May 6, 2011 | In: Opinion

Patience: A Virtue That Successful Stocks Traders Are Blessed With

I have written before on fear and greed, and how their negative consequences on the stock trader by distorting his judgment and upsetting his disciplined approach to trading.

Fear and greed, are of course, sins in any investor’s vocabulary. Patience, on the other hand, is a virtue. Patience will guarantee that you will make money all the time. Patient investors make money, impatient investors lose money.

You should be patient when buying a stock. When you feel the price is too high, regardless on how others feel about the stock, then maybe it’s too high. When all the fundamentals (low sales, high churn rate, increased competition, reduced forecast) point that a stock should go down while it is going up, then maybe it is not the right time to buy. Trading stocks is like playing a card game where nearly everyone cheats and lies about his cards, and there’s no way to tell, except by trusting your own research and feelings. Once you feel that the stock has reached a point where it’s acceptable to buy when taking the company’s fundamentals, and again, your own hunch, into the equation, then go ahead and buy. Buy 1/3 of your position, and then buy another 1/3 in a week or two, and finally buy the last 1/3 in one month or so.

Now that when you have the stock, when should you sell it? What if the stock goes down more? Let’s first clarify something, if every time every person buys a stock it’ll go up, then there will absolutely no one in this world (and I really mean it) who will do some real work. There is a chance that the stock will go down, and substantially down. Your stocks may lose 20% of their value in a week, or sometimes a day. But you’ve made your own research, you relied on your feelings to make the decision to buy the stock, your feelings never betrayed you. You can, of course, panic and sell, and this is how you will start fearing the stock market and leave it or good. Or you can wait for the stock to go up again, and it will go up, regardless of what others are saying. I remember nearly a year ago people were saying that APPL is doomed because of the antennagate and other problems, at that time the stock was trading at $240. The stock is trading at $348 today. It is not really rocket science to analyze Apple yourself and know that this company will never, ever experience financial turbulences, at least not in the next 5 years. Now the question is, is AAPL a good buy at $348. Maybe it is, it has a low P/E, and they’re still selling iphones and ipads like hot cupcakes, and they no longer have production issues so supply is able to meet demand. Would I buy at $348? My problem with Apple is that it’s a company embodied by one person, Steve Jobs (what if he leaves, or even worse…). But, some analysts say that the company will still do well without him. I think only time will tell.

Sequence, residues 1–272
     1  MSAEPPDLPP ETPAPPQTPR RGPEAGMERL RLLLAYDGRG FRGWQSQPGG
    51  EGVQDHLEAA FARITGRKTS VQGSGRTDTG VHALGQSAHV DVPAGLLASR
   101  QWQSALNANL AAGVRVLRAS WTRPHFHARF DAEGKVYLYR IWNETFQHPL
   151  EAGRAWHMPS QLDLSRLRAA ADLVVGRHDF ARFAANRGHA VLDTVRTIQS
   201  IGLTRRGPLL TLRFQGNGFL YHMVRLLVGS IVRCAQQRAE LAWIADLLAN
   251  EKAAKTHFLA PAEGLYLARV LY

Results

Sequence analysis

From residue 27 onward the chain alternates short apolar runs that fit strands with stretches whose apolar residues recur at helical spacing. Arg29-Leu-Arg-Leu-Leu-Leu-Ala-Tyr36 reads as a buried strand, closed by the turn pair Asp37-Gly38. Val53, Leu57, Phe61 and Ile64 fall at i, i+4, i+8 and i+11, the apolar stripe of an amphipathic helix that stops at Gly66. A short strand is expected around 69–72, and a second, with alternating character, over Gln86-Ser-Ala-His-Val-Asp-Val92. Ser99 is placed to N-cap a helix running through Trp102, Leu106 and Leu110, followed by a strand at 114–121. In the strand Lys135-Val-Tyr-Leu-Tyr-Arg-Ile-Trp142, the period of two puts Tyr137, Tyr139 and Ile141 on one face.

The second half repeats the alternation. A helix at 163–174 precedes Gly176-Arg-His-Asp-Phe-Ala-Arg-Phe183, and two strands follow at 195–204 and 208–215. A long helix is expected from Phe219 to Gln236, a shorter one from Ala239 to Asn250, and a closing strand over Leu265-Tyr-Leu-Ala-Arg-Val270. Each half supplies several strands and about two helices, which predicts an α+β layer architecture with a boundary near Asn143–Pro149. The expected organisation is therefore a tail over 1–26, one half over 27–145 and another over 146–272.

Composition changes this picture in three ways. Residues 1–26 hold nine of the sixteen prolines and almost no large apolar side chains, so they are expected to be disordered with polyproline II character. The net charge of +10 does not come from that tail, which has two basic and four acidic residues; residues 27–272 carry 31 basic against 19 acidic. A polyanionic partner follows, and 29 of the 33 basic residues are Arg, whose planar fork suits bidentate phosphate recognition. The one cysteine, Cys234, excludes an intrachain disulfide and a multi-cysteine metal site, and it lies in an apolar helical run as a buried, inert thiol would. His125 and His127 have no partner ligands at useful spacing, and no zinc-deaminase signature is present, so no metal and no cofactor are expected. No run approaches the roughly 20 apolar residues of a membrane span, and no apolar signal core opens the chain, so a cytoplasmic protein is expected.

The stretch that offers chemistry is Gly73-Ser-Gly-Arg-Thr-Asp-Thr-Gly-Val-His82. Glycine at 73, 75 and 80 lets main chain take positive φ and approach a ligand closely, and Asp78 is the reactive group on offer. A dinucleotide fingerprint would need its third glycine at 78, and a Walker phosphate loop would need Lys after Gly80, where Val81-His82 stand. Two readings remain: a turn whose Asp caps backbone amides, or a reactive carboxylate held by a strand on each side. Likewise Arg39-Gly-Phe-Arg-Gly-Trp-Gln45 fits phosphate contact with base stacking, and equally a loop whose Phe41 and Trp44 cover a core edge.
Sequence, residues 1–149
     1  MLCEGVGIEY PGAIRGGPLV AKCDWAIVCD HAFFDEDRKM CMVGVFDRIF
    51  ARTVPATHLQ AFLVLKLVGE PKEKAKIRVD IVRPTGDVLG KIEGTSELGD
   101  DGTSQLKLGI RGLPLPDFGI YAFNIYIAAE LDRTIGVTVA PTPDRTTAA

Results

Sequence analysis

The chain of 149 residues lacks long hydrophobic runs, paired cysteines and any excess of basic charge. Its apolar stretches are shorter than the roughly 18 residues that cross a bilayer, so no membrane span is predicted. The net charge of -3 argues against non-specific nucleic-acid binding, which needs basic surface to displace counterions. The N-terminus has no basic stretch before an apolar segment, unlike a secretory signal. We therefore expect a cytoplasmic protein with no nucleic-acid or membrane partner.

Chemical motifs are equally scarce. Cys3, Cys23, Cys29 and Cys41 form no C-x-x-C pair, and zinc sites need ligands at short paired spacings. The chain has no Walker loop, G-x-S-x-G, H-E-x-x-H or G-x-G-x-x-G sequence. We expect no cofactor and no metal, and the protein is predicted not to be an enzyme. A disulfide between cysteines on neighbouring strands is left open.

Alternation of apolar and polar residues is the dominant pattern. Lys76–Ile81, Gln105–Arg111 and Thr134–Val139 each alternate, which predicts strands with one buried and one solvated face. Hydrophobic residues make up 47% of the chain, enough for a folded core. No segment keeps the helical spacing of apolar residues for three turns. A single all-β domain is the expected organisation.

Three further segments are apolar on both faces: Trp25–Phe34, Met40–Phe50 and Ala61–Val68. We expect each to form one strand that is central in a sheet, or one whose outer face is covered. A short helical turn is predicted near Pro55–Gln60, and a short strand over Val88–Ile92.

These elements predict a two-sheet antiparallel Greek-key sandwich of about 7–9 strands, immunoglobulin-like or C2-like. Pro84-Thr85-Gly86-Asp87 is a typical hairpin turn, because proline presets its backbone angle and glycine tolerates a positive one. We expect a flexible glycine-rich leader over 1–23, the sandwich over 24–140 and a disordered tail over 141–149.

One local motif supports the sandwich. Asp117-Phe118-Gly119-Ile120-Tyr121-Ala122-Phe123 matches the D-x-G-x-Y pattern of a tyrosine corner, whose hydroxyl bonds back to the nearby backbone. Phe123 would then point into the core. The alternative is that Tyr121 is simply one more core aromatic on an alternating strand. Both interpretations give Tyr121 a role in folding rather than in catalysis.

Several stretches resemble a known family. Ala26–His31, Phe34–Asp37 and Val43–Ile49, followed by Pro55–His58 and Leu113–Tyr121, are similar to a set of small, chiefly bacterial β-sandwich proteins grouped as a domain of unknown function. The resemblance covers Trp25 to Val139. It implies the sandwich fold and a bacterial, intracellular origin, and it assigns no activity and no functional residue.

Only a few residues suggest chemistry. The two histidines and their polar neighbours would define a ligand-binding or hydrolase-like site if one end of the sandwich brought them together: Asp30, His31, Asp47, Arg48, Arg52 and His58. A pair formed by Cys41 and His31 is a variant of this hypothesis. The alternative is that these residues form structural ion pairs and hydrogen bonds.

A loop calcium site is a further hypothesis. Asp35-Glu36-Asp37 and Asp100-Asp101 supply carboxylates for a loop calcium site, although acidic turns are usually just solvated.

Going back to you selling the stocks that you bought, well, you have to wait until the stock goes up, and anything in life has its ups and downs. No stock can go down forever, and no stock can go up forever.

Patience, my friend, is a virtue.

9 Responses to Patience: A Virtue That Successful Stocks Traders Are Blessed With


Top 10 Qualities of a Stock Investor « Fadi El-Eter

May 11th, 2011 at 3:02 pm

[…] He is patient: A successful stock investor doesn’t sell stocks when they go down, and doesn’t buy stocks when they go up. Instead, he waits for the right and calculated opportunity, and then he jumps in. If one of his stocks go down, he waits until it goes up to sell it. The question is, how can this investor not sell at a loss when everyone else is selling… This is because (read the point below)… […]


Contrarian Investing « Fadi El-Eter

June 13th, 2011 at 2:47 pm